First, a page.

In 1992 I moved to London. London! The greatest city on earth! Surely, in this throbbing metropolis of impossible-to-please Cockneys a good pint was a dead cert. Well, no. The pubs were good, but the beer was almost universally bad. For the first few years I persevered. Always ordering from the handpump, and I was nearly always disappointed. It was a matter of pride to find that elusive, decent (or consistently decent) pint. Soho, Camden, Shoreditch, Brixton, Holloway, Holborn, Highgate, Hackney, Bethnal Green. Flat, flabby, skunky, sour, murky, eggy. I’ve run the gamut of pints that I’ve had to return to a stink-eyed barman, swatting off the inevitable ‘it’s meant to be like that’ comments. Too many ‘nearly’ pints winced down. Too many unfinished nonics of flat, soupy brown boredom left on sticky tables. One famous day I took my dad to a pub, where - on asking what real ales were ‘on’ - he was told that the bank of six handpumps was just for decoration. So I gave up. For years - now it can be told - I drank Kronenbourg, Newcastle Brown or (heaven help me) Strongbow. But one thing kept me going through those terrible years. Bottles of Timothy Taylor’s Landlord.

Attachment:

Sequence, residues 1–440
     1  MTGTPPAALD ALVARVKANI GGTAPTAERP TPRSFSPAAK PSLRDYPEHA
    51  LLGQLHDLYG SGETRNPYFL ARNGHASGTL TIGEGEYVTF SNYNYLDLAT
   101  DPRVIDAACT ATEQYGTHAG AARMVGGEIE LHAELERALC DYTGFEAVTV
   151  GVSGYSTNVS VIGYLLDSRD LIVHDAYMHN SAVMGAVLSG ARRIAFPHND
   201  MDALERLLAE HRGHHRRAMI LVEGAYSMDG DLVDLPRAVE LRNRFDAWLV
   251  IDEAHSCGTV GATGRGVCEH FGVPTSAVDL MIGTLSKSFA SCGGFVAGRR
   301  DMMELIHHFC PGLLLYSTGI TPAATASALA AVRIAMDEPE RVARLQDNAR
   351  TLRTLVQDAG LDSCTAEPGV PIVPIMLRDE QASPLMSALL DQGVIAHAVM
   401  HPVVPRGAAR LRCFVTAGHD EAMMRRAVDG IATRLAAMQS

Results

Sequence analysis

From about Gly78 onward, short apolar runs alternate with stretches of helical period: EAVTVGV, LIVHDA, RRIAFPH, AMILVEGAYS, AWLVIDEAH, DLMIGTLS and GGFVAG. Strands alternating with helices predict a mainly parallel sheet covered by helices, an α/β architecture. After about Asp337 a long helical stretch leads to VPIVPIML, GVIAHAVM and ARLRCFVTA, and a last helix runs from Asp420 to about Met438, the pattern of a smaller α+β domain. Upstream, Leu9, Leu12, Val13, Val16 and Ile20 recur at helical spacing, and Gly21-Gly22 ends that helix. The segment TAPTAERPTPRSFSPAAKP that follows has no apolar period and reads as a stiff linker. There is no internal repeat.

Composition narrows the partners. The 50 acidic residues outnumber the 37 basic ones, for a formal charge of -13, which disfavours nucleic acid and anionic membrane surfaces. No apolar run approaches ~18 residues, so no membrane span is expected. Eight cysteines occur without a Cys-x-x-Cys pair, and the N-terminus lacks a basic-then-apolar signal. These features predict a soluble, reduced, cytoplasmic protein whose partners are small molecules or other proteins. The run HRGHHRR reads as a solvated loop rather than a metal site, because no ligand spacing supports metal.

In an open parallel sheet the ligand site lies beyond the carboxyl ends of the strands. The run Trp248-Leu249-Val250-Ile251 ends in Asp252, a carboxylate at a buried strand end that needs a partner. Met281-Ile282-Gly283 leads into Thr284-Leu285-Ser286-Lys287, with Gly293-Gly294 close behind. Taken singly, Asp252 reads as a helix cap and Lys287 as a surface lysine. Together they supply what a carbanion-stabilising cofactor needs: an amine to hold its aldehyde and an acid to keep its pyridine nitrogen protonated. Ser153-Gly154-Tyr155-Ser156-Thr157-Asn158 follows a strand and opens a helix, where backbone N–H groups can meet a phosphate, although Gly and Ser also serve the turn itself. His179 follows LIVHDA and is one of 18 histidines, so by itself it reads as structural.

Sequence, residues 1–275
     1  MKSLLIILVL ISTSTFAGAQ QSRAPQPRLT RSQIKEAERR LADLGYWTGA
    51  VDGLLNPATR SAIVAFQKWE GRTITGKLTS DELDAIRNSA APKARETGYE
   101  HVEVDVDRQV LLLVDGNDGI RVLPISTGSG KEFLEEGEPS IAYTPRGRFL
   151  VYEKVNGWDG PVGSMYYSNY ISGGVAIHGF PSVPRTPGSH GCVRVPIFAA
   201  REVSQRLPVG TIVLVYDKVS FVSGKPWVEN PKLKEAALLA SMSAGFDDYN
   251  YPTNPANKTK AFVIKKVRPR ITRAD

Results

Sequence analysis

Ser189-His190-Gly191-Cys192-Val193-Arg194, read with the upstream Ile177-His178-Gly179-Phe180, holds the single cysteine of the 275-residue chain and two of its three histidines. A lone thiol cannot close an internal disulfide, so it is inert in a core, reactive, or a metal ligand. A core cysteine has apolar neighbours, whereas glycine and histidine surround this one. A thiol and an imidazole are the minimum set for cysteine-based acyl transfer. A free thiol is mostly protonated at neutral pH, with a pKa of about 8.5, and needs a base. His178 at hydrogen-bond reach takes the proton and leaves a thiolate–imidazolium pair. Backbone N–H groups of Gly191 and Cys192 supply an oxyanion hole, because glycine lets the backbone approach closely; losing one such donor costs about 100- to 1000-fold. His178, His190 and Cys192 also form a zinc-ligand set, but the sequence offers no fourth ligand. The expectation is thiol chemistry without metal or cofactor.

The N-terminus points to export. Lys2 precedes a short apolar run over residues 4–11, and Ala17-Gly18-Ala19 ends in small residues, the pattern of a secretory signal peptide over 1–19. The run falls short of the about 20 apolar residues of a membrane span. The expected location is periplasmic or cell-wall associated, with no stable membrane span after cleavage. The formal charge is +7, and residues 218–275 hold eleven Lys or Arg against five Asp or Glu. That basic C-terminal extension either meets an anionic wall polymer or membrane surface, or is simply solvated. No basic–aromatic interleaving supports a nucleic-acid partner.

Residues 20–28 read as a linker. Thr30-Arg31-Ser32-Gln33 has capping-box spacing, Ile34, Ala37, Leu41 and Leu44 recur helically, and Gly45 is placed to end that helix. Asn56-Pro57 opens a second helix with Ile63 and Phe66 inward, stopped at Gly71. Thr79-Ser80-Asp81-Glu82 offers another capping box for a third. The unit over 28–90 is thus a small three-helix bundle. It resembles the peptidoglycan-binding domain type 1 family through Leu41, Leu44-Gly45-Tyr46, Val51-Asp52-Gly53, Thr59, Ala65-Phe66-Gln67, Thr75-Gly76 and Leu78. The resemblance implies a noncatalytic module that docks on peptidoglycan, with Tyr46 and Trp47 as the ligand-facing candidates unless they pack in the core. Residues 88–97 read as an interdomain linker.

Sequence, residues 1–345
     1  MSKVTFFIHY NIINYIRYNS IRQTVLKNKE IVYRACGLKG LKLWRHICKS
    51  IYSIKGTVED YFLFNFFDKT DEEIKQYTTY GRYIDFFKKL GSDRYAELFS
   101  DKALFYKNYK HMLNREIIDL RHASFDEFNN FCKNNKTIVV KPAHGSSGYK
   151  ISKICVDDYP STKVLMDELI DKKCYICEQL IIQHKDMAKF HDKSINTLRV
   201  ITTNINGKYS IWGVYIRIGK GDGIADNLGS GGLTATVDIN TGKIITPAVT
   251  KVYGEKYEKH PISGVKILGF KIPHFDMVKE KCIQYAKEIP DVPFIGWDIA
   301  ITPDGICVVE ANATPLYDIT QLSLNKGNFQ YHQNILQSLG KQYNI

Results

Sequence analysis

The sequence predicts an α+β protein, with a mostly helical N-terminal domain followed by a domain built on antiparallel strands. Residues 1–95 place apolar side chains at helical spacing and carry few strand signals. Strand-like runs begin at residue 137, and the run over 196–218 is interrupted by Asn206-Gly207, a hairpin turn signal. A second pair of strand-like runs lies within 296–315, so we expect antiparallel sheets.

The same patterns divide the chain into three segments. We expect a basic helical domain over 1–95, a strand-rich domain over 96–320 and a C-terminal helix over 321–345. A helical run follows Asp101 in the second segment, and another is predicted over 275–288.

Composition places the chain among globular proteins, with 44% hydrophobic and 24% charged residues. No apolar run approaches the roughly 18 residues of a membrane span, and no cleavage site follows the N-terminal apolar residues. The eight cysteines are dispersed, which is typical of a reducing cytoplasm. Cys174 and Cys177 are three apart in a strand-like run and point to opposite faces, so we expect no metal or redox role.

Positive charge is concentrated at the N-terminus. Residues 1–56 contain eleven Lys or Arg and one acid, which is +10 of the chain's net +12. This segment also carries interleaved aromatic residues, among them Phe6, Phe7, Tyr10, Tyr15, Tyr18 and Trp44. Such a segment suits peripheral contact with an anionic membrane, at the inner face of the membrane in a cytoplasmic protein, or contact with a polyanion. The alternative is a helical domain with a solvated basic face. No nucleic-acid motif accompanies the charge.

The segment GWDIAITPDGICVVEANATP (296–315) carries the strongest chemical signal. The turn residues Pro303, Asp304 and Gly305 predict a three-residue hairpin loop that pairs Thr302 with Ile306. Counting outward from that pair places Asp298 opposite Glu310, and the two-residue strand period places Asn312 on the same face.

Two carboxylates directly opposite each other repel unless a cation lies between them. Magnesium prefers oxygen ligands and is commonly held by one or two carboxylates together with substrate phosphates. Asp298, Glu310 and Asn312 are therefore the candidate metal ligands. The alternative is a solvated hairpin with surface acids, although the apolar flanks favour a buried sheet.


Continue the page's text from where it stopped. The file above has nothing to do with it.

On trips home I’d bring bottles back down on the train with me, my rucksack clinking like a milk float. Rare sightings in supermarkets were moments of rejoicing. Visitors would leave them in the cupboard, where I’d find them behind the cornflakes with a moist, homesick eye. Crack off the cap, wait a second, pour. The head settles. First sip and the tingling hit as your palate wakes with that characteristic smack of grapefruit and marmalade which drifts into an astounding lip-smacking, citrus-bitter finish. Full-bodied. Satisfying. As comfortable as my old Redwings, as cosy as a cashmere scarf in a Pennine February. You don’t want cosy? I do. It’s the taste of permanence, rootedness, and home.